On a cold night at UFCU Disch-Falk Field with the temperate in the 30s and the wind blowing in, the No. 1 Texas Longhorns pulled out a gritty 1-0 win over the Alabama Crimson Tide on Friday that felt like a high-stakes conference game in everything but the temperature.
Texas only managed five hits with two walks on the day, but Alabama left 12 runners on base and went 0-for-9 with runners in scoring position, consistently failing to pick up the key hit to change the game.
In a change from the first five games, 16 of the 22 Texas batters who faced Alabama starter Garrett McMillan saw four pitches or less with three hits and two walks as the Longhorns generally failed to threaten the Crimson Tide starter and make him throw high-pressure pitches. The weather conditions certainly helped, keeping potential home runs from third baseman Skyler Messinger and first baseman Ivan Melendez in the ballpark. His defense helped, too, with center fielder Andrew Pinckney chasing down a slicing drive from Austin Todd in deep right-center in the second inning.
When Messinger singled in the seventh with one out and shortstop Trey Faltine was hit by a pitch, Texas had only its second at bat with a runner in scoring position. When the control of Alabama reliever Dylan Ray faltered with a passed ball and a wild pitch, Messinger scored the ballgame’s first and only run. With a runner on third, Ray was able to strike out designated hitter Murphy Stehly with a high curveball and center fielder Douglas Hodo III with a fastball to end the threat by the Longhorns.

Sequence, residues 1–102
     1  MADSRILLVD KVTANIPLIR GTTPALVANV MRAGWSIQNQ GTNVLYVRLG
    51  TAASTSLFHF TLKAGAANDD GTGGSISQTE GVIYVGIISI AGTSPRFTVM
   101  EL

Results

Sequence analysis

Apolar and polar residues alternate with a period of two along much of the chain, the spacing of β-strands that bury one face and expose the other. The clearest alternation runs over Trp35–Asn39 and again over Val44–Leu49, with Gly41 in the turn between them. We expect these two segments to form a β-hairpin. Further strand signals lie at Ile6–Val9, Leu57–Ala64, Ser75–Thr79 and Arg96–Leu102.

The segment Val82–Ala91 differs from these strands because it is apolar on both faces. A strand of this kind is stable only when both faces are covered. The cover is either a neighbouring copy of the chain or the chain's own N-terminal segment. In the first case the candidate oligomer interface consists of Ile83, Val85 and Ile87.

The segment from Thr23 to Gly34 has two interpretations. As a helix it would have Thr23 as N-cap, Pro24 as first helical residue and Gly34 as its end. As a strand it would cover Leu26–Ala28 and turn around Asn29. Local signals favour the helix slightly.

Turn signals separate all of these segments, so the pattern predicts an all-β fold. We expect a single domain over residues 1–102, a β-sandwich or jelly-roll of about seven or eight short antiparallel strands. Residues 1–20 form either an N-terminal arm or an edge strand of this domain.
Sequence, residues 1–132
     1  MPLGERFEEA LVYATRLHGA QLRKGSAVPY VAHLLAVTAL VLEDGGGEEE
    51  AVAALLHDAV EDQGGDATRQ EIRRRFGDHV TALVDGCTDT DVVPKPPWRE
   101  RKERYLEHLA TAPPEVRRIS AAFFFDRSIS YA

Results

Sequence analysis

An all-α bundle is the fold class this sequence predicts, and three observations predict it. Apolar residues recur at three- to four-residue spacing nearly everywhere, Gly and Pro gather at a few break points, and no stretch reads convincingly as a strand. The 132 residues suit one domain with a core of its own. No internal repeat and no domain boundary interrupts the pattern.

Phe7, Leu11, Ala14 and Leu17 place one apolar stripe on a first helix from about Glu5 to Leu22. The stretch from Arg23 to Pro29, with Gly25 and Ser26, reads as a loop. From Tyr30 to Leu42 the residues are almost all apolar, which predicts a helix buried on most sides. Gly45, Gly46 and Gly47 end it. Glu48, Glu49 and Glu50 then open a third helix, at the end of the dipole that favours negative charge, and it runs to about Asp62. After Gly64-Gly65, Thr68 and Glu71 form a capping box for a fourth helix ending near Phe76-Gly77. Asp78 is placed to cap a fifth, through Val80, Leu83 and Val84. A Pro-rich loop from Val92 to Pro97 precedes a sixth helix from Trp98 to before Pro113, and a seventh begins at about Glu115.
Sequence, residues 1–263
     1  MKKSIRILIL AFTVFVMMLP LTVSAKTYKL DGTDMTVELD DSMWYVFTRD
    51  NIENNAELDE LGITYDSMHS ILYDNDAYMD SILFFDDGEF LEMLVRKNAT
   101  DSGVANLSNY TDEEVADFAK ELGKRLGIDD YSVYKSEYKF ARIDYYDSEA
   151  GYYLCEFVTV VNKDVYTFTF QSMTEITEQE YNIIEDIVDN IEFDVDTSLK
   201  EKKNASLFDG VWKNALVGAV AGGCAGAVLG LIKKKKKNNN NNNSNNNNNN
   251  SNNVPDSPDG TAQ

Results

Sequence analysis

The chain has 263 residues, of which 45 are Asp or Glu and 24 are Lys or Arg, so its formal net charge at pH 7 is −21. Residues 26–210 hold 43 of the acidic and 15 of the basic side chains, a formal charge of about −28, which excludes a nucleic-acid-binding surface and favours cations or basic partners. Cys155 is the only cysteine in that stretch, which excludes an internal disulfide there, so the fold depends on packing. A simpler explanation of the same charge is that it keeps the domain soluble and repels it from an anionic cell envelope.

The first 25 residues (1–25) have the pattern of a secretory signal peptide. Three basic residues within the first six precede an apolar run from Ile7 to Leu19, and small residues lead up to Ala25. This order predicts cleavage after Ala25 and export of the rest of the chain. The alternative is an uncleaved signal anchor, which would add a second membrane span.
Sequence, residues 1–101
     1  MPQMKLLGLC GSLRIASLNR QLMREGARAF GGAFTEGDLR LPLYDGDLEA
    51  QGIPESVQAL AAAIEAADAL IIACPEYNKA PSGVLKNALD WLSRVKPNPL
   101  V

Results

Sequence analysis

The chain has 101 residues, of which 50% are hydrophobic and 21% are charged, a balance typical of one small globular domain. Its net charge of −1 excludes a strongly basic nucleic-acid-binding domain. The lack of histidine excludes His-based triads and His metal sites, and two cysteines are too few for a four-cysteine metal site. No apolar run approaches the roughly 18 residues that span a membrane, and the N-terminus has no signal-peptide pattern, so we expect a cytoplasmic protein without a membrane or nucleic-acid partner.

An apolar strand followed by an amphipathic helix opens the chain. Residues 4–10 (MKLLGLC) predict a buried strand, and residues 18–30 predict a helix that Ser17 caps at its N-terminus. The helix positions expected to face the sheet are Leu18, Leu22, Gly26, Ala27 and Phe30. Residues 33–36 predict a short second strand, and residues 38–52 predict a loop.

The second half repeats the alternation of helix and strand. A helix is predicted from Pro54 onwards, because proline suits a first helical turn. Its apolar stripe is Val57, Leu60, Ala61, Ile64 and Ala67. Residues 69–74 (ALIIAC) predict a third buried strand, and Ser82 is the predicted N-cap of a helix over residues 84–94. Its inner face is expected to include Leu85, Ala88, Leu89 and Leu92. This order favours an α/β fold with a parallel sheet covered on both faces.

A double into the right-field corner with one out put Melendez on second in the eighth, but second baseman Mitchell Daly grounded out to third against his childhood friend and catcher Silas Ardoin hit a hard line drive caught by the Alabama left fielder.
For Texas, left-hander Pete Hansen turned in a quality start, scattering four hits over five innings with one walk and eight strikeouts. In the first two innings, Hansen struck out five batters, pitching inside and outside with his fastball and mixing in quality breaking pitches — his typical approach.
The biggest jam he faced was in the fifth inning when he gave up two one-out singles up the middle, got a strikeout, but walked the bases loaded on a full count before inducing a flyout to right field. Like McMillan, Hansen also benefited from the wind holding up some hard-hit balls.
In relief, right-hander Travis Sthele had another strong appearance, giving up a hit and allowing a walk in two innings, once again mostly attacking hitters with his high-spin fastball in the low 90s.
Fellow right-hander Jared Southard came on in the eighth, mostly throwing sliders while retiring the first batter and then walking the second while having some issues with the arm-side run of his fastball, ultimately resulting in the third batter singling to left field, prompting a ball to the bullpen for right-handed closer Aaron Nixon.
Issues locating the fastball put Nixon behind in the count against the first hitter, but he was able to battle back with his slider, recording the inning’s second out on a weak popup to second base. Like Southard, Nixon’s fastball was running to his arm side, resulting in a four-pitch walk to load the bases. Fortunately, Nixon’s slider proved more reliable as three straight strikes with the pitch punched out pinch hitter Will Hodo, the cousin of the Texas center fielder, to end the inning.
Nixon continued to fall behind with his fastball in the ninth, needing his slider to retire the first batter on a ball hit into right center and then allowing a double on his breaking ball to put another runner in scoring position. The runner advanced to third on a passed ball when Nixon couldn’t command yet another fastball, but the Texas closer struck out the next batter looking and Messinger ended the game with a catch in foul territory near the stands.
Right-hander Tristan Stevens takes the mound for Texas on Saturday at 1:30 p.m. Central on Longhorn Network.